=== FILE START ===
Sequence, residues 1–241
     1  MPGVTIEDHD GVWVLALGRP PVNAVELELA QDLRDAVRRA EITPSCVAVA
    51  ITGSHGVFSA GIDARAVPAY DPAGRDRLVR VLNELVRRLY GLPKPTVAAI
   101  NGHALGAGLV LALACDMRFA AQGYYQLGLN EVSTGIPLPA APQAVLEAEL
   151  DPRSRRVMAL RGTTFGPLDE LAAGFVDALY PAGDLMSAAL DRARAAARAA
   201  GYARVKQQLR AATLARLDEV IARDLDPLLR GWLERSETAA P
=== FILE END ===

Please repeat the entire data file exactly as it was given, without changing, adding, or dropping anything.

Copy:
Sequence, residues 1–241
     1  MPGVTIEDHD GVWVLALGRP PVNAVELELA QDLRDAVRRA EITPSCVAVA
    51  ITGSHGVFSA GIDARAVPAY DPAGRDRLVR VLNELVRRLY GLPKPTVAAI
   101  NGHALGAGLV LALACDMRFA AQGYYQLGLN EVSTGIPLPA APQAVLEAEL
   151  DPRSRRVMAL RGTTFGPLDE LAAGFVDALY PAGDLMSAAL DRARAAARAA
   201  GYARVKQQLR AATLARLDEV IARDLDPLLR GWLERSETAA P